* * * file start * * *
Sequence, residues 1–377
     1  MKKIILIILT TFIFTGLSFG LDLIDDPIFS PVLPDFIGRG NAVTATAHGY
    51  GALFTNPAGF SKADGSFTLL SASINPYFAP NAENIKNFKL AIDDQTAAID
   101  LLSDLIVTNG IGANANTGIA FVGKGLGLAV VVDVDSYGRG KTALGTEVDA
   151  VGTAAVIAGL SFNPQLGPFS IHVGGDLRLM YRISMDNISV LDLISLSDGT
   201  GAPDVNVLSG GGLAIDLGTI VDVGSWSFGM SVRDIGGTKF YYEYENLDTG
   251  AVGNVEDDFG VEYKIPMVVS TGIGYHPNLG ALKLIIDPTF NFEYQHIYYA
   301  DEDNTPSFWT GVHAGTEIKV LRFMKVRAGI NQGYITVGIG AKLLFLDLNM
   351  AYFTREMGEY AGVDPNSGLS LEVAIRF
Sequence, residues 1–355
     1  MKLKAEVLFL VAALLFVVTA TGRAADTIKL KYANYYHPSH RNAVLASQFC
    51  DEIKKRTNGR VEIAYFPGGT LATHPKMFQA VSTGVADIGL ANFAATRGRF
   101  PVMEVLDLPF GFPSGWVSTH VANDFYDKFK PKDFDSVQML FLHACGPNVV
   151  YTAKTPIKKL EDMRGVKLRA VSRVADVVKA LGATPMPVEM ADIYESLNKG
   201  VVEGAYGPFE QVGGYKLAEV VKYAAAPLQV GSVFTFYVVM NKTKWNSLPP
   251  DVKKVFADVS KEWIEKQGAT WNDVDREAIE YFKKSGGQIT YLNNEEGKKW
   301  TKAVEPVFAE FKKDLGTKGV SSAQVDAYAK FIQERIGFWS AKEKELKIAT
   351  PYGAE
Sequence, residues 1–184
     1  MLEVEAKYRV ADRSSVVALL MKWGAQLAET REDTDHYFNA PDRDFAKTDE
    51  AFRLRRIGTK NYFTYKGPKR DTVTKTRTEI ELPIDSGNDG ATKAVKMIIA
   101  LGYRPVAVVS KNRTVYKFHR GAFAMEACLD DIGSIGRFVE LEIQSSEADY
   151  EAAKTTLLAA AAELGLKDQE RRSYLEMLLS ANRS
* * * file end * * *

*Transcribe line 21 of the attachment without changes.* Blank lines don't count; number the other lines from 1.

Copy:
    51  AFRLRRIGTK NYFTYKGPKR DTVTKTRTEI ELPIDSGNDG ATKAVKMIIA